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Emotional Intelligence 101: Belong

Emotional Intelligence (EI) is a big topic. I am just initially and gracefully entering this field of study, which makes me think of myself as taking a swan dive into the giant pool of EI.  As I will only be talking about the portion I know about, let’s start with the definition I use: Emotional intelligence (a.k.a. emotional quotient or EQ) is the ability to understand and manage your own emotions, and to understand other people’s emotions and your reaction to them.

My understanding of this topic comes from the Yale Center for Emotional Intelligence (YCEI) and Marc Brackett, Ph.D., who is a research psychologist and the founding director of the YCEI and a professor at the Child Study Center at Yale University. I am reading his book, Permission to Feel, and have participated in his first online conference. I am grateful for the opportunity to share what I have learned, what I have noticed, and some useful tools for EI. 

I will start with a really cool tool created by Dr. Brackett called the Mood Meter. This Cartesian plane is broken into four different colored quadrants. The y-axis evaluates your energy, high being near the top and low at the bottom. The x-axis assesses how pleasant you are feeling, more pleasant being to the right and less moving to the left. As you find your current place on the graph, you are reminded that it is okay to feel more than one emotion at a time and that you can quickly change from one to another. Dr. Brackett refers to this snapshot as a meta-moment. This tool is used by people of all ages to help figure out what they are feeling at a specific moment and the goal is to use that information to learn more about themselves and manage their choices or reactions.

“How are you feeling?” is the first question Dr. Brackett asks in his book and at each of the conference sessions I participated in a few weeks ago. Knowing your answer, you then need to dive in: “Why do I feel this way? Will it help to continue to hold onto this feeling? Can I do something to keep or change how I am feeling? Is how I am feeling affecting what I am doing in a positive/productive way or a negative/counterproductive way?” There’s so much to unpack and it’s so powerful when used successfully. In his book, Dr. Brackett refers to a study where professors were grading papers more harshly after having a negative experience earlier in the day. Similarly, another study showed people being less likely to take risks or make a big move – even if it was a positive one – because they were in a happy mood. The researchers connected these reactions to a person’s fundamental need for security plus the lack of pressure to make a decision, which keeps them staying the same. (More details about this can be found in Permission To Feel.)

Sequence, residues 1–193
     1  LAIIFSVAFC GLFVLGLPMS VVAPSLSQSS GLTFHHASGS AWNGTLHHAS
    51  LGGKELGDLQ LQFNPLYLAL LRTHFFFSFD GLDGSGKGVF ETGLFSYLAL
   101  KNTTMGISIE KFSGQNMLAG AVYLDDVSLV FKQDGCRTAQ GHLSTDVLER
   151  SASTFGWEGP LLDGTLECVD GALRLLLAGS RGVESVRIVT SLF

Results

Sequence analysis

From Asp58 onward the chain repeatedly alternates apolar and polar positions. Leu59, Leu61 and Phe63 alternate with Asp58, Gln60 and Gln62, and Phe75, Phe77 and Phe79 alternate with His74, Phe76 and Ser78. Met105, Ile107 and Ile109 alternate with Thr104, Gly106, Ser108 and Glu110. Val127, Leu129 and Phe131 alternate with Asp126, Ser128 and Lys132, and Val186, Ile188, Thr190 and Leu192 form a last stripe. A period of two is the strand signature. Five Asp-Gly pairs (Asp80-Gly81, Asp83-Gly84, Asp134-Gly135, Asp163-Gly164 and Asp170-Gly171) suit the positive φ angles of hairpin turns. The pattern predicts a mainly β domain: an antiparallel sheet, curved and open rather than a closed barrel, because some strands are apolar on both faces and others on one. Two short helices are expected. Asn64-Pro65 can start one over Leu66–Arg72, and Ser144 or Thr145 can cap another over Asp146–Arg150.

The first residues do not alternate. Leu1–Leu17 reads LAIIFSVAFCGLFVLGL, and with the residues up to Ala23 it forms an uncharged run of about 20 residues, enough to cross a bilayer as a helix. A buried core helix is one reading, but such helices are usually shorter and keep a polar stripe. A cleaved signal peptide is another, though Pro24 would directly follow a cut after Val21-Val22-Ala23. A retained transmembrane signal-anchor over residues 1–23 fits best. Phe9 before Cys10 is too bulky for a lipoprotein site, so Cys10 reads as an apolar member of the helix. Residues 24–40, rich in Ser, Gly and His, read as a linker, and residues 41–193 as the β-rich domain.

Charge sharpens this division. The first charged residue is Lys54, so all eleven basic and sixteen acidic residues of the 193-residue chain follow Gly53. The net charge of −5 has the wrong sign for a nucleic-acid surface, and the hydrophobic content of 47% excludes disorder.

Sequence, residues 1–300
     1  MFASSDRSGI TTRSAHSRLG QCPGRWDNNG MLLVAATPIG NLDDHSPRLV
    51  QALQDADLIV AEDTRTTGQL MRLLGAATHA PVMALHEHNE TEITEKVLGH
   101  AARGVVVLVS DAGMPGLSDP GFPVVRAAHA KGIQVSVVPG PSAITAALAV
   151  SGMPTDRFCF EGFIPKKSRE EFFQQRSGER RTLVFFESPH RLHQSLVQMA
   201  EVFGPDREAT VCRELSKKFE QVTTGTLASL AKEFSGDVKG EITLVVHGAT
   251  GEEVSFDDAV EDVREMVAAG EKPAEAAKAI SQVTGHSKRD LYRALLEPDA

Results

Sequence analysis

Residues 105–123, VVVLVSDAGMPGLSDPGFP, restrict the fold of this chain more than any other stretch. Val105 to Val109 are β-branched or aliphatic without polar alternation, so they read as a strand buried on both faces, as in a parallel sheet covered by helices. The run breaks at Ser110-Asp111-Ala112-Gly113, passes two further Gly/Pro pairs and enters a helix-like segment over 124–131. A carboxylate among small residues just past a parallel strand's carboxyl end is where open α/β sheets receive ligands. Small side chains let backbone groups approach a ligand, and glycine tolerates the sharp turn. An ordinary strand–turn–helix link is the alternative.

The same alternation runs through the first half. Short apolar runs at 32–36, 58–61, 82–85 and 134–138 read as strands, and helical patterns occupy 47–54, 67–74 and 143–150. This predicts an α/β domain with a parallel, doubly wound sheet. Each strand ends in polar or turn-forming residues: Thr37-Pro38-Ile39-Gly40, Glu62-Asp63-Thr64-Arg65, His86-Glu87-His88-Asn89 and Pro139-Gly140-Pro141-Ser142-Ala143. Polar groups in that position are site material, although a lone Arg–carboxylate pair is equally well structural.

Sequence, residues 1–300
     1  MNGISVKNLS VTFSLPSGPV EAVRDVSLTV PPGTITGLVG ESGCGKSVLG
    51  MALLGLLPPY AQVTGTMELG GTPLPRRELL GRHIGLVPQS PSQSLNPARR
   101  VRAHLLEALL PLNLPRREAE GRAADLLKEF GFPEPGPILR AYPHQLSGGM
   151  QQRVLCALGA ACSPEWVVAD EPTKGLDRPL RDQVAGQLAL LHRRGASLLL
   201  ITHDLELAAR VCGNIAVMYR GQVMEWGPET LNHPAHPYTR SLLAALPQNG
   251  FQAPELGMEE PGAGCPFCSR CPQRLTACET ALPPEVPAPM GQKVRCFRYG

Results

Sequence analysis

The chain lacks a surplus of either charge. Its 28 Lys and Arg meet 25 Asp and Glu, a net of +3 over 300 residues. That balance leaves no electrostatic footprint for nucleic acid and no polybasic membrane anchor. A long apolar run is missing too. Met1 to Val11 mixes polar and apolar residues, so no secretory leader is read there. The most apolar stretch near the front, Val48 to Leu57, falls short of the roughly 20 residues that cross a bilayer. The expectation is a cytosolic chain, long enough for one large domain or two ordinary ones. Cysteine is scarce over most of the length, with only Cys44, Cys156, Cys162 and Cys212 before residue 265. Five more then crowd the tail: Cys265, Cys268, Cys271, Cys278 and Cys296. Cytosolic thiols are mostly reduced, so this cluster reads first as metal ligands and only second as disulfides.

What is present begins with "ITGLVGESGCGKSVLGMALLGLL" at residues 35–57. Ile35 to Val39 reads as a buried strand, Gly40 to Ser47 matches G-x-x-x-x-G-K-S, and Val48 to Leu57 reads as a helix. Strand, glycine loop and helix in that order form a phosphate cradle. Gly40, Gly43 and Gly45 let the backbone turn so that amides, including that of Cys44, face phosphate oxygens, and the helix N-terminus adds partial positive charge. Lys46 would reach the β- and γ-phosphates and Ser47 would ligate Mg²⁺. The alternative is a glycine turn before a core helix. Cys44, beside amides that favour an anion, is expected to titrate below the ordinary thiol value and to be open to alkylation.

RULER is the Yale Center for Emotional Intelligence program for schools. This program includes apps, siminars, and tools for using EQ in school. From what I have seen so far, this is mainly used in larger schools and even school districts will bring it in. I found it reassuring as I was learning that we, Mountain Sun Community School, are already doing so much with Emotional Intelligence. In his book, Dr. Brackett talks about teachers having a hard time getting behind such “touchy, feely” stuff. Some principals go as far as saying that they do not believe in the research and that they resent having to participate. Dr. Brackett mentioned that if the leadership is not on board, teachers will never be able to use the resources effectively and some will never buy in, feeling it will be a waste of energy. 

We at MSCS already talk about feelings as soon as the youngest student walks through our door (or screen door these days!), and the Peace Talk technique is used with Otters and Owls all the way to Coyotes, as well as in positive discipline parent education classes. I take a deep breath, check how I am feeling, and use all this information to make the best decisions I can in my interactions with my Acorns, my coworkers, my friends, my family and my community. We are all in this together, and it is up to us to use all the tools available to be our best selves, meta-moment to meta-moment.

Written by Janna Carlson